WOOL prices consolidated downward in Australian auctions this week, although helped by renewed top maker interest.
AWEX senior market analyst Lionel Plunkett said after three weeks of successive rises the Australian wool market recorded overall losses this week.
“Melbourne opened proceedings on Tuesday and was the only centre in operation.
“The softer tone evident at the end of the previous week’s sale was immediately apparent, when selling began,” he said.
“By day’s end, the individual Micron Price Guides (MPGs) for 17 micron and coarser had fallen by 14 to 40 cents.
“On the back of these falls, the AWEX Eastern Market Indicator lost 14 cents for the day.”
As the northern region did not sell on the last selling day of the previous series, or the first selling day of this series, the centre did not suffer the losses experienced in the other centres on these days, Mr Plunkett said.
“As a result, Sydney posted large losses on its opening day, with these falls pushing the Sydney MPGs down by 37 to 110 cents.
“The Sydney losses were the driving force behind the 24-cent drop in the EMI, as the southern region was firm when compared to the previous day, shaving only one cent of the Melbourne indicator.”
Mr Plunkett said the market settled on the final selling day as buyers found a price basis they were comfortable with.
“The market then slowly rose as the sale progressed, so much so that the Fremantle region selling last recorded increases of 6 to 16 cents for the day, finishing the week on a positive note, with the EMI managed a 5-cent increase for the day.”
Overall, the EMI lost 33 cents for the week, closing at 1576c/kg clean. Brokers passed in 15.9pc of the 52,666 bales offered, with the EMI in $US closing down US30 cents at 1082c/kg.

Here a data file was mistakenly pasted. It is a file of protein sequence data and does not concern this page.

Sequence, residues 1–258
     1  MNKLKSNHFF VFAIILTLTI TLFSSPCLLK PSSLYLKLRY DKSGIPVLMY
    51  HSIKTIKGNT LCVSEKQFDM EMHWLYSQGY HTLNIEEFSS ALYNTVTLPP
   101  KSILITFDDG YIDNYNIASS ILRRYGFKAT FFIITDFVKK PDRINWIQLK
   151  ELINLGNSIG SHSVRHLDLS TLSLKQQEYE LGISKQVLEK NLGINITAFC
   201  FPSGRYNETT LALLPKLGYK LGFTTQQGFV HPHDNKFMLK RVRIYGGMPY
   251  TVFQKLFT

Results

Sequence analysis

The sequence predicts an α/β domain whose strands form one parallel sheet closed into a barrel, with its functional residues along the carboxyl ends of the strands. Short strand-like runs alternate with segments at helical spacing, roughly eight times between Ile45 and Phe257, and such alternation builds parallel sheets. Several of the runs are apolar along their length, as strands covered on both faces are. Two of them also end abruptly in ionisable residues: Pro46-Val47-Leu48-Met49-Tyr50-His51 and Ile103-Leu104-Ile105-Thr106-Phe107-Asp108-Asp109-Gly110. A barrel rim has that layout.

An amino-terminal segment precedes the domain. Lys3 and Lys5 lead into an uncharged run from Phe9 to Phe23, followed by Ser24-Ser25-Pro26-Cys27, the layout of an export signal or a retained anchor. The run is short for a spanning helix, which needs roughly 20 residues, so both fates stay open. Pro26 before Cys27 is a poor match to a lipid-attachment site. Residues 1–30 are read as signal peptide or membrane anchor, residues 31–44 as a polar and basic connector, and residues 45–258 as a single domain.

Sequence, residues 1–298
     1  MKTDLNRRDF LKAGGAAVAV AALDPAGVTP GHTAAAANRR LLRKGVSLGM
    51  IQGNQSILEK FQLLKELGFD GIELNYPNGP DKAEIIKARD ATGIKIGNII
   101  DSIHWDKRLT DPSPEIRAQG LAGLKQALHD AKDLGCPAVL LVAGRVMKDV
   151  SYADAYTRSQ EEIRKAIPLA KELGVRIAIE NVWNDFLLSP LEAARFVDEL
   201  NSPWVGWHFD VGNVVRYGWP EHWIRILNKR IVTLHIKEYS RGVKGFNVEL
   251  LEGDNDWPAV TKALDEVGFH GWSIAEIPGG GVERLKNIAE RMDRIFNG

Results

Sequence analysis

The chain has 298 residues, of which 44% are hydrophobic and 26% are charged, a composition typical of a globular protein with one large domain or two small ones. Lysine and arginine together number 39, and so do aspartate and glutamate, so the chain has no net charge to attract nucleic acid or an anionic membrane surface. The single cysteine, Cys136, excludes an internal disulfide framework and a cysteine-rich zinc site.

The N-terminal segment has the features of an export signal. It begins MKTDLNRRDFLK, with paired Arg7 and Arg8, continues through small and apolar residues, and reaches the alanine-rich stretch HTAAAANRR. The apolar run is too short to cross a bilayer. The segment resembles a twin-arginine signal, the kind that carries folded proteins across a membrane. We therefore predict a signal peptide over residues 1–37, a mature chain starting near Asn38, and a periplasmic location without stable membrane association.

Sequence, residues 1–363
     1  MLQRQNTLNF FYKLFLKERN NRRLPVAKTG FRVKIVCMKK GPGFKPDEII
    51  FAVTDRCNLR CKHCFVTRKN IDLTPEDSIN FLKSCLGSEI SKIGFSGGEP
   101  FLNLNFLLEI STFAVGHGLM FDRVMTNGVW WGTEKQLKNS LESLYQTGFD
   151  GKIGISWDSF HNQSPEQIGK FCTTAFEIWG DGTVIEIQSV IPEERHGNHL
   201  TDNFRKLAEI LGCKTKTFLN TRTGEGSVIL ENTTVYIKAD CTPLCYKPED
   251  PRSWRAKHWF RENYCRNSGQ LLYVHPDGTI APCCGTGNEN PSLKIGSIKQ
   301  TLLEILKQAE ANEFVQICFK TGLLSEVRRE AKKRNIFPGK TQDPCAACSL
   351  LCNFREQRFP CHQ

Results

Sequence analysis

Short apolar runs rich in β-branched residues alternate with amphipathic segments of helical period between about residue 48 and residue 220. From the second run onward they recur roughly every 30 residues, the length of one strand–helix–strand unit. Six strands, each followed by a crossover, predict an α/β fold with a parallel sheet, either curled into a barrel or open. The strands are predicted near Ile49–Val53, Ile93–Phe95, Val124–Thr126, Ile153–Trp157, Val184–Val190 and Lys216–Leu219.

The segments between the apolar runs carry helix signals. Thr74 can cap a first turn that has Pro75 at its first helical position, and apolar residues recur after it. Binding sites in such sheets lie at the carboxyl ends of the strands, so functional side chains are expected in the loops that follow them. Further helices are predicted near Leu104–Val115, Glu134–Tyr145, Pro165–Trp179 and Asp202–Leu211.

Oddment sector was strongest
Mr Plunkett said the oddment sector was the strongest performer for the series.
“Locks in particular were in strong demand, pushing prices up by 30 to 40 cents.
“These gains combined with modest increases in other carding types, helped push three carding indicators up by an average of 30 cents.”
Traders dominate buying with top maker interest
Australian Wool Innovation trade consultant Scott Carmody said price fluctuations this week were largely due to centres aligning themselves price-wise as two consecutive days of Sydney not selling with Melbourne had wild differences in levels which needed adjustment. But a softer tone was generally in play as buyers looked for more comfortable levels of trade, he said.
Mr Carmody said the drop in the US EMI should help extract more interest from overseas users.
“The final day of selling produced a noticeable consolidation.
“Confidence was somewhat restored as a more stable and consistent pricing scenario had re-entered the marketplace,” he said.
“All wool types were very firm to 10ac dearer, with most attention drawn back to the Merino fleece sector of 19 micron and broader.”
Mr Carmody said buying was again dominated by the local Australian-based traders, with the largest operator continuing confidently all week to follow last week’s strong purchasing numbers.
“Of most significance though was an increase in top maker interest as prices retreated towards more pre- Christmas levels.
“This was Chinese as well as European first-stage processor interest.”
Trade should note passed-in rates
Mr Carmody said the continuing historically higher passed-in rates showed grower sellers are steadfast in setting a level at which they require to move their product through the pipeline.
“Some trade attention should be taken from this, as growers are probably in the best position to judge the upcoming prompt and mid-term supply of wool, or perceived lack thereof.”
Next week’s national offering reduces to 40,680 bales. Due to Monday being a public holiday in Australia, sales will only be held two days on Wednesday and Thursday. China is also basically on shut down for a week to celebrate their lunar New Year.
Sources – AWEX, AWI.